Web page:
Among Paris

One of the things I’ll remember most about my time in Paris is the people. Although difficult to describe, what I loved about this trip was the nearness — to the sights and sounds and smells of Paris, yes, but mostly to the people, and to the language. Not only is it not something I’m sure I can describe, it’s also not something I realized I missed.

I’ll never be an insider in France — not even if I lived there twenty years, I don’t think. It’s something not just about being foreign, but about being American. Even with my outsider status, though, I felt among Paris, among its people. It’s difficult not to; they live in the city, on it, all over it — on the sidewalks, in the cafés on every corner, in and around the magnificent parks and public spaces, walking, always talking, drinking espresso and eating a snack or resting for a moment in a chair in the Jardin du Luxembourg or the Tuileries, reading a magazine, taking a nap. I found a quote from Mark Twain, who wrote that Paris street life is “so frisky, so affable, so fearfully and wonderfully Frenchy! … Two hundred people sat at little tables on the sidewalk, sipping wine and coffee; the streets were thronged with light vehicles and joyous pleasure-seekers; there was music in the air, life and action all about us.”*

As an outsider it is easy to mingle with Parisians, because Parisians are everywhere. But I am likewise everywhere noticing them, which simultaneously puts me both intimately within and forever beyond their ordinary life.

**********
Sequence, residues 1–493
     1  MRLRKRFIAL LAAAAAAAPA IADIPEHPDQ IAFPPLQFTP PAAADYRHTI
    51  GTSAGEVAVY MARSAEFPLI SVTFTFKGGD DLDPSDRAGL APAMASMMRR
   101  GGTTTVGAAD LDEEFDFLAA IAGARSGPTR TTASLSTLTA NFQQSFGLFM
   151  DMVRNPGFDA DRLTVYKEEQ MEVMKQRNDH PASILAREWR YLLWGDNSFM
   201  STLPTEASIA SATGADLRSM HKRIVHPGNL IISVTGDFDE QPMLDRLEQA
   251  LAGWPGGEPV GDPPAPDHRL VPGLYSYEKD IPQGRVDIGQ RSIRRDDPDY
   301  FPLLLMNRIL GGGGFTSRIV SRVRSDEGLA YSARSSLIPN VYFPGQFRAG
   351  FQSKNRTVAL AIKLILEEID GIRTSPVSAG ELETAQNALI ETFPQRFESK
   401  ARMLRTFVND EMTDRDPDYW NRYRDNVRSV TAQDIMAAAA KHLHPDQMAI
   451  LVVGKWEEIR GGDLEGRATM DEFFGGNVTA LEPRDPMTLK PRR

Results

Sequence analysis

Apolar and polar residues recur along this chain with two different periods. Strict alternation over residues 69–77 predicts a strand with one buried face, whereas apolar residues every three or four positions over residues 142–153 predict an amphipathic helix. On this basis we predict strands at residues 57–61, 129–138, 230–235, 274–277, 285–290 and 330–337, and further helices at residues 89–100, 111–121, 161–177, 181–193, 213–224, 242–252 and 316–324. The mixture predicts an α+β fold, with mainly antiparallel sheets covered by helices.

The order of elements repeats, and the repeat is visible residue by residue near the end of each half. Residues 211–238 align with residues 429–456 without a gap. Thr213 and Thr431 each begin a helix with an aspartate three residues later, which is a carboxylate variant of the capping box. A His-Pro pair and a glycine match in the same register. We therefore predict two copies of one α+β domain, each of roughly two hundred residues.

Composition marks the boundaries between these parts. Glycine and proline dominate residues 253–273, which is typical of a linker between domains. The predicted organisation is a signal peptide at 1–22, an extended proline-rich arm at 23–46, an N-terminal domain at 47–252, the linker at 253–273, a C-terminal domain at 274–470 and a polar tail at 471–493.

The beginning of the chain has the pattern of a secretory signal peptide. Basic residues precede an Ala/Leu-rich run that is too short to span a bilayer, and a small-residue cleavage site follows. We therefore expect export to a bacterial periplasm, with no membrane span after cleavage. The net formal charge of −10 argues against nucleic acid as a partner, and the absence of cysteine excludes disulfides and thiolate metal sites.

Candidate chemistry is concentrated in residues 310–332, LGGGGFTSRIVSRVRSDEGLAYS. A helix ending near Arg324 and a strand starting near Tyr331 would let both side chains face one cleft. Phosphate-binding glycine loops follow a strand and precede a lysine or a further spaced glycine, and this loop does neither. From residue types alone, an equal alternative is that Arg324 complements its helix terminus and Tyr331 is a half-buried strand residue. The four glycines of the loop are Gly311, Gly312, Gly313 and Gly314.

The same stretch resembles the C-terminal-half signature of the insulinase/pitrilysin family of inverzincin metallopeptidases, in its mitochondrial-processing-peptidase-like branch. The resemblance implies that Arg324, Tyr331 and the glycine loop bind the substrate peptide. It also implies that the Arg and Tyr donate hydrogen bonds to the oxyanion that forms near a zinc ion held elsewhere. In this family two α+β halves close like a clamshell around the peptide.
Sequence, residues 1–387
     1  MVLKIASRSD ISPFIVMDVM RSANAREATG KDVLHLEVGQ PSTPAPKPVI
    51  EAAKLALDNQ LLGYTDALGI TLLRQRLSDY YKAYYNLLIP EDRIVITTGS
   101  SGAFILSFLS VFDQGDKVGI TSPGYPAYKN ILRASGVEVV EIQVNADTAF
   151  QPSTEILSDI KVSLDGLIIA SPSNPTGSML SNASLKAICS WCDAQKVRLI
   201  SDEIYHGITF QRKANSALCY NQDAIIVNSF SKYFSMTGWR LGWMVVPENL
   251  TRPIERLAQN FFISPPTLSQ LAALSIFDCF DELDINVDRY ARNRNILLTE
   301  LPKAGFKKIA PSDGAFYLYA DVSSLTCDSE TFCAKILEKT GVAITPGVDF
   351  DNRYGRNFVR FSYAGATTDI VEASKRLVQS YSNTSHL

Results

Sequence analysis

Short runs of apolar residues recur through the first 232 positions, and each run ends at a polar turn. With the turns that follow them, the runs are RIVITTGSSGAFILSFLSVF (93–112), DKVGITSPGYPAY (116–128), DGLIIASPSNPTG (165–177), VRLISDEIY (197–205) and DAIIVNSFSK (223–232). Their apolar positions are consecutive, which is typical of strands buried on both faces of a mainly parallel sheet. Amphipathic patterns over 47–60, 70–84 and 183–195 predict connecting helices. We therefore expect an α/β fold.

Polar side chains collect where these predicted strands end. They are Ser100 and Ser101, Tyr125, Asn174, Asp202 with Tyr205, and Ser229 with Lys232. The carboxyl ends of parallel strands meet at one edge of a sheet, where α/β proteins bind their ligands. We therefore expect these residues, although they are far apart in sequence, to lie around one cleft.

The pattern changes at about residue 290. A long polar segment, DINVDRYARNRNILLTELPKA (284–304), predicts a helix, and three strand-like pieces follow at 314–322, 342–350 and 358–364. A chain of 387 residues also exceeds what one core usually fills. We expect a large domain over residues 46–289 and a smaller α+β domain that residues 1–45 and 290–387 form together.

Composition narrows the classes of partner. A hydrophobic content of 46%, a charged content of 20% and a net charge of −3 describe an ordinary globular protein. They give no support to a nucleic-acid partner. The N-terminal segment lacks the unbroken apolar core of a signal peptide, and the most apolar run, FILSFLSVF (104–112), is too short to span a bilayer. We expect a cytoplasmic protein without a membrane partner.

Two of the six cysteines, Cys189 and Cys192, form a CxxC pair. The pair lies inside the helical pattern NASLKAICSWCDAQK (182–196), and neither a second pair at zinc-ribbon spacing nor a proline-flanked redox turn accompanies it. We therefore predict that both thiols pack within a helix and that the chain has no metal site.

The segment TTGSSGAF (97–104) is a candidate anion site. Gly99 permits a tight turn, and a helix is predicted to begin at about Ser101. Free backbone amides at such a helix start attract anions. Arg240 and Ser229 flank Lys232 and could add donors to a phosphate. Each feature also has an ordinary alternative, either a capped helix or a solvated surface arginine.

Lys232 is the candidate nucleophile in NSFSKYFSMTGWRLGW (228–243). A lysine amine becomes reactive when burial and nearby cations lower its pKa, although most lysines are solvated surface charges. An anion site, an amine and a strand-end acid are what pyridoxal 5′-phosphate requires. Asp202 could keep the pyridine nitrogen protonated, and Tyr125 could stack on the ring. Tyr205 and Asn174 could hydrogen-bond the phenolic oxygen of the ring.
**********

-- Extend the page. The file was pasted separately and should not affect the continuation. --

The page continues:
in the Luxembourg Gardens

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along the Bd. Saint-Germain

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in the Jardin des Tuileries

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*Jill Jonnes quotes Twain on p. 41 of her book, Eiffel’s Tower: the thrilling story behind Paris’s beloved monument and the extraordinary world’s fair that introduced it.

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5 Responses to Among Paris

  1. Abby says:

    I know exactly what you mean. I think of the Parisian way of life – and living – with the US where people tend to be in their cars, in shopping malls and their palatial homes. Japanese life also centered around being outside and with the people (often tightly packed). Homes are small and limited. Most of the daily life takes place outside and among others.

  2. randasfans says:

    It’s something I really valued when I lived there, and something I appreciated anew when visiting last week — that and being able to drink coffee from a cup and saucer that, rather than being discarded, had to be washed instead.

  3. Pingback: Out on the Surface of Life | Randa's Fans

  4. Pingback: Death at the Château Bremont | billgillislive

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